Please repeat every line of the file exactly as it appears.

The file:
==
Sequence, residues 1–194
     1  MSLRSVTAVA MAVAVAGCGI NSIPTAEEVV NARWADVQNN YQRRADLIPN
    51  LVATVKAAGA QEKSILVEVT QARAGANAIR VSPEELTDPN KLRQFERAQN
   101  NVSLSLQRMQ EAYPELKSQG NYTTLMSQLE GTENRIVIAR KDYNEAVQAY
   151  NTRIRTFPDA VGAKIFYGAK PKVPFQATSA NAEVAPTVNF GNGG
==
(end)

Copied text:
Sequence, residues 1–194
     1  MSLRSVTAVA MAVAVAGCGI NSIPTAEEVV NARWADVQNN YQRRADLIPN
    51  LVATVKAAGA QEKSILVEVT QARAGANAIR VSPEELTDPN KLRQFERAQN
   101  NVSLSLQRMQ EAYPELKSQG NYTTLMSQLE GTENRIVIAR KDYNEAVQAY
   151  NTRIRTFPDA VGAKIFYGAK PKVPFQATSA NAEVAPTVNF GNGG